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What you can learn from this centuries-old math mystery

Posted in the following categories: Failure, Problem Solving

In 1637, Pierre de Fermat scribbled a note on a textbook margin that would baffle mathematicians for more than three centuries.

Fermat had a theory. He proposed that there’s no solution to the formula an + bn = cn for any n greater than 2. “I have a truly marvelous demonstration of this proposition,” he wrote, “which this margin is too narrow to contain.”

And that’s all he wrote.

Fermat died before supplying the missing proof for what came to be known as Fermat’s Last Theorem. The teaser he left behind continued to tantalize mathematicians for centuries (and made them wish Fermat had a bigger book to write on). Generations of mathematicians tried—and failed—to prove Fermat’s Last Theorem.

Until Andrew Wiles came along.

For most 10-year-olds, the definition of a good time doesn’t include reading math books for fun. But Wiles was no ordinary 10-year-old. He would hang out at his local library in Cambridge, England, and surf the shelves for math books.

One day, he spotted a book devoted entirely to Fermat’s Last Theorem. He was tantalized by the mystery of a theorem that was so easy to state, yet so difficult to prove. Lacking the mathematical chops to tackle the proof, he set it aside for over two decades.

He returned to the theorem later in life as a math professor and devoted seven years to working on it in almost total secrecy. In an ambiguously-titled 1993 lecture in Cambridge, Wiles publicly revealed that he had solved the centuries-old mystery of Fermat’s Last Theorem. The announcement sent mathematicians in attendance, and around the globe, into a tizzy: “It’s the most exciting thing that’s happened in — geez — maybe ever, in mathematics,” said Dr. Leonard Adelman. Even The New York Times ran a front-page story on the discovery, exclaiming “At Last Shout of ‘Eureka!’ in Age-Old Math Mystery.”

But the celebrations proved premature. Wiles had made a mistake in a critical part of his proof. The mistake emerged during the peer-review process after Wiles submitted his proof for publication.

It would take another year, and collaboration with another mathematician, to repair the proof. Describing the day he found the missing piece, Wiles said, “I walked around the department, and I’d keep coming back to my desk looking to see if it was still there. It was still there. I couldn’t contain myself.” At the end, the proof was 150 pages long—far longer than any book margin would have allowed Fermat to write on.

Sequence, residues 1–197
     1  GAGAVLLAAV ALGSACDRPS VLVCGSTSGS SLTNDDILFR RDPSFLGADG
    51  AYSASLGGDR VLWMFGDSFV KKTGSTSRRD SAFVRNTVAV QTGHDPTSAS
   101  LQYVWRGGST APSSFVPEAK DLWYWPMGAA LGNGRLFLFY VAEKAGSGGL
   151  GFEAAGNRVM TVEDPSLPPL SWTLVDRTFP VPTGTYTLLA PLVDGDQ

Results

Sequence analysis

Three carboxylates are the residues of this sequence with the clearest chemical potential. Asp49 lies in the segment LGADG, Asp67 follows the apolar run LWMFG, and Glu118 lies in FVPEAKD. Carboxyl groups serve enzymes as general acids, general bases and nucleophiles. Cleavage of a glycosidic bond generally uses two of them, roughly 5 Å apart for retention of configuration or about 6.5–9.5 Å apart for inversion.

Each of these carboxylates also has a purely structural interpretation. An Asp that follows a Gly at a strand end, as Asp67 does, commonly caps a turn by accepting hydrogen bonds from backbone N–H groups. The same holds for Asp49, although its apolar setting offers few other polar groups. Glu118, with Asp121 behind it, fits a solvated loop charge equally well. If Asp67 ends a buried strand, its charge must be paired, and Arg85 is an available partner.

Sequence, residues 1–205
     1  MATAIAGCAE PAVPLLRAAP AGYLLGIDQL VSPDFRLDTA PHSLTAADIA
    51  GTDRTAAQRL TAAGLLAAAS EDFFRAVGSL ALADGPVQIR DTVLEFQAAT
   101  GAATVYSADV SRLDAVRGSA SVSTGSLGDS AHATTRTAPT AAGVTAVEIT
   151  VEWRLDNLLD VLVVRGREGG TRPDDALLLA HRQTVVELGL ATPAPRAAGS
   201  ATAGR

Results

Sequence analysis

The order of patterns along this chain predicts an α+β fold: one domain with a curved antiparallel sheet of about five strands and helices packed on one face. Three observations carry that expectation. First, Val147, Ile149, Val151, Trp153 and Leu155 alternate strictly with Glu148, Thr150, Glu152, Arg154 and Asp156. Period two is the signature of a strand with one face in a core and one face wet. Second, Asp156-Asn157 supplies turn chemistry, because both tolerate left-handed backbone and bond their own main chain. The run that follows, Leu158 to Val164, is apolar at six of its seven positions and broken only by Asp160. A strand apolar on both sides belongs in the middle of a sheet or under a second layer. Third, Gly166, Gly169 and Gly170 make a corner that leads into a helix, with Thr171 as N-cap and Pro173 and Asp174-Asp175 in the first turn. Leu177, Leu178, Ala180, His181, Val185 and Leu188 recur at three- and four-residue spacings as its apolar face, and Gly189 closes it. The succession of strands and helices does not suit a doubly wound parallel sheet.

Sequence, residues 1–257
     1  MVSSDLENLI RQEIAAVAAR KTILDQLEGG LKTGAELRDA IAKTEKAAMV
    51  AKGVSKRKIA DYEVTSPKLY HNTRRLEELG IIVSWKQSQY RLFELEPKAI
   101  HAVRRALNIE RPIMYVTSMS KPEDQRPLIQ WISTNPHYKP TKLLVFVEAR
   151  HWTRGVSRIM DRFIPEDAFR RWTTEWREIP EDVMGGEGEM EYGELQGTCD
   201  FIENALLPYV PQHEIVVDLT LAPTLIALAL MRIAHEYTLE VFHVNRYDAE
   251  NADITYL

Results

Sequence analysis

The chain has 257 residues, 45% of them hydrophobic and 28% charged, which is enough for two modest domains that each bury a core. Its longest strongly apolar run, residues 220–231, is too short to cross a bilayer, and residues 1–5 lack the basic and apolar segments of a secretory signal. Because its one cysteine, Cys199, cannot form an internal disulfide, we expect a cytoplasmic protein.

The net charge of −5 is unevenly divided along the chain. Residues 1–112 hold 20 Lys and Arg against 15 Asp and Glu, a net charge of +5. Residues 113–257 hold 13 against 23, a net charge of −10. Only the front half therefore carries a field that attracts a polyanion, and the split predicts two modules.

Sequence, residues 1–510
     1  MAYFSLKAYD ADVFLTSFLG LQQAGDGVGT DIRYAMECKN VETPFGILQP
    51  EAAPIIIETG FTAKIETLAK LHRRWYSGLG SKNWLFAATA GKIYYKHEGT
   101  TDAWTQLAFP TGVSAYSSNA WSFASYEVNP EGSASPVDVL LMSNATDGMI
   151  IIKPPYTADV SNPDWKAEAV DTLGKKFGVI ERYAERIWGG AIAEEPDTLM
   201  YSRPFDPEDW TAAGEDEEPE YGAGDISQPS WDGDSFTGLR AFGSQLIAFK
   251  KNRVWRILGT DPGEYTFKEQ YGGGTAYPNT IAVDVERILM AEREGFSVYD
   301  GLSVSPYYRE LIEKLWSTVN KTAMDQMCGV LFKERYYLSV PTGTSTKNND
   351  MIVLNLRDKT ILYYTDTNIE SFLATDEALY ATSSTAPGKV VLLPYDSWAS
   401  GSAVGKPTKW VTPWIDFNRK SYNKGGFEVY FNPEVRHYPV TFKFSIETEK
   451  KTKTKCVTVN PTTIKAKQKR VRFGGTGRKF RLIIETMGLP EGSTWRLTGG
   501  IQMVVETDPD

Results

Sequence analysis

Reflecting on how he managed to prove the theorem, Wiles compared the process of discovery to navigating a dark mansion. You start in the first room, he said, and spend months groping, poking, and bumping into things in a hit-or-miss process. After tremendous disorientation and confusion, you might eventually find the light switch. You then move on to the next dark room and begin the process all over again.

These breakthroughs, Wiles explains, are “the culmination of—and couldn’t exist without—the many months of stumbling around in the dark that proceed them.”

In school, we’re given the false impression that scientists took a straight path to the light switch. Textbooks with lofty titles—The Principles of Physics—magically reveal “the principles” in three hundred digestible pages. An authority figure then steps up to the lectern to feed us “the truth.” We learn about Newton’s “laws”—as if they arrived by a grand divine visitation or a stroke of genius—but not the years he spent exploring, revising, and tweaking them. The laws that Newton failed to establish—most notably his experiments in alchemy, which attempted, and spectacularly failed, to turn lead into gold—don’t make the cut.

The path to the light switch is not a straight one. There are fits and starts, mistakes and corrections, failures and successes.

Be careful if the paths you’re taking to the light switches in your life are straight. If the drugs you’re developing were certain to work, if your client were certain to be acquitted in court, if your Mars rover were certain to get to its destination, your jobs wouldn’t exist.

It’s the ability to make the most out of uncertainty that creates the most potential value.

Where certainty ends, progress begins.

Sources used:

Stuart Firestein, Ignorance: How It Drives Science, 2012.

Simon Singh, Fermat’s Last Theorem, 1997.

Solving Fermat: Andrew Wiles,

At Last, Shout of ‘Eureka!’ In Age-Old Math Mystery,;

A Year Later, Snag Persists In Math Proof,

The Contrarian Handbook
The Status Quo.

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